Osseous Surgery provided by Board Certified Periodontist, Dr. Alan Meltzer in Voorhees, NJ and Pennsylvania
The main cause of periodontal disease is bacteria that form of sticky colonies of plaque (bacteria) on your teeth. Many local and systemic factors can cause periodontal disease or influence its progression.
Your bone and gum tissue in health fit snuggly around your teeth like a turtleneck. The bone supports the tooth root much in the same was as earth supports a fence-post. The gum is simply a carpet that covers the bony floor. In health, the gum carpet is firmly biologically glued to the teeth, isolating the jawbone from your oral cavity. Over time, bacteria can accumulate and break the gum seal providing a pathway for bacteria to reach and destroy the bone holding your teeth. This dead space between the gum-line and the surface of the jawbone fills with infected and inflamed tissue and is called a pocket. If left untreated, the pocket deepens, teeth loosen and more and more bone is lost. Your teeth can loosen much in the way a fence-post loosens, as you dig away more and more earth. This process leads to tooth loss, as well as loss of gum and jawbone.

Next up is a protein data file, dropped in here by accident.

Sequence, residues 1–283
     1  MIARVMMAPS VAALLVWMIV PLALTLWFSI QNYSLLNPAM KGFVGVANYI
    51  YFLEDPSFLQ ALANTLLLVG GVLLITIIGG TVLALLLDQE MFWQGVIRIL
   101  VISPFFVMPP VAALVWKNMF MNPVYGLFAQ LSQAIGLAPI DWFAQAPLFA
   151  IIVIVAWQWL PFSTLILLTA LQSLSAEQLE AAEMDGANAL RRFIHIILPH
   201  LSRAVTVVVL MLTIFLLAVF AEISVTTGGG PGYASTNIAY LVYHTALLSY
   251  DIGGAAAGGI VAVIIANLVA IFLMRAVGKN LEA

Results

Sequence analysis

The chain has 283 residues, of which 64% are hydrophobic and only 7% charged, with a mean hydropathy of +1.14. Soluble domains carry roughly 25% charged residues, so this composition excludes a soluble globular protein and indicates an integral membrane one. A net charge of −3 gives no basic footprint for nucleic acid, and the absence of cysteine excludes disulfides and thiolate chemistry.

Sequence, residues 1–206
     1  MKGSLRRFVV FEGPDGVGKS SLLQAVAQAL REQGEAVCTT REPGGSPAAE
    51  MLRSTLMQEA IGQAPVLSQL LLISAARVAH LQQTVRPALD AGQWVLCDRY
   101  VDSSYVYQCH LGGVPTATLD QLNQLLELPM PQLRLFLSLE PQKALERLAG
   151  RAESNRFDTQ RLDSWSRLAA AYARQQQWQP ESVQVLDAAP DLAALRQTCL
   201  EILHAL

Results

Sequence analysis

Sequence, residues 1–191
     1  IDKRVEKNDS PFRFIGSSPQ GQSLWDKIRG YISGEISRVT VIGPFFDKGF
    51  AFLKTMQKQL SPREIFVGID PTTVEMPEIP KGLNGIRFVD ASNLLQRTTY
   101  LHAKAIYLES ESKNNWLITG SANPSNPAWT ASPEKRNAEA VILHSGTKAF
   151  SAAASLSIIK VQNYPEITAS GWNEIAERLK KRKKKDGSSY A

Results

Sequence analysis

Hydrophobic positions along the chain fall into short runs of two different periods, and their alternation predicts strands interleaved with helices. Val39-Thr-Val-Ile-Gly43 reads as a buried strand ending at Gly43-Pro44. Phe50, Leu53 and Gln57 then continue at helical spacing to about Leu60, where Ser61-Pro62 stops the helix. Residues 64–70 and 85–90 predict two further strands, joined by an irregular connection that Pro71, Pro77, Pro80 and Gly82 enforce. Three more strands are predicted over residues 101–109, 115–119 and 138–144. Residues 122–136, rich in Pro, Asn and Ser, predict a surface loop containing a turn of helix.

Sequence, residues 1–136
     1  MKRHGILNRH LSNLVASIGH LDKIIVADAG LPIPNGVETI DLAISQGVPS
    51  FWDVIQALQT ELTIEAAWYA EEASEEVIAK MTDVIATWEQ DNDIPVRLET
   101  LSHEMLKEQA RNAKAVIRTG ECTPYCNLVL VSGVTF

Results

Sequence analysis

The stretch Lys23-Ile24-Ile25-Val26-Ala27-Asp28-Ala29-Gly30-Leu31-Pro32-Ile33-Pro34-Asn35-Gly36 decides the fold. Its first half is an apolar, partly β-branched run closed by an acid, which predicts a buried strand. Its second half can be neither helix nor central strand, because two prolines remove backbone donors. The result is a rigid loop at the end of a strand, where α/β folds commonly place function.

The periodontal infection also increases the risk of stroke, heart disease, diabetes, pregnancy problems, and other serious systemic diseases. This link between periodontal and systemic disease has been well documented in the medical and dental literature. When you have periodontal disease the supporting tissue and bone is destroyed forming pockets around the teeth. Over time, these pockets become deeper, providing a larger space for bacteria. As bacteria develops around the teeth, it can accumulate and advance under gum tissue and destroy the bone which anchor your teeth. These deep pockets collect even more bacteria, resulting in further bone and tissue loss. Eventually, too much bone is lost, and teeth need to be extracted.
OSSEOUS SURGERY PROCEDURE
The gum is gently folded back exposing the tooth, roots, and affected bone. The roots are smoothed and cleaned. The diseased, irregular bone is smoothed to provide an optimal environment for the gum to re-attach to the tooth roots eliminating the pockets and providing healthy soft tissue and bone aiding in the maintenance of periodontal health.
Contact Dr. Alan Meltzer today to schedule a consultation to discuss removing infection through osseous surgery – (856) 772-9444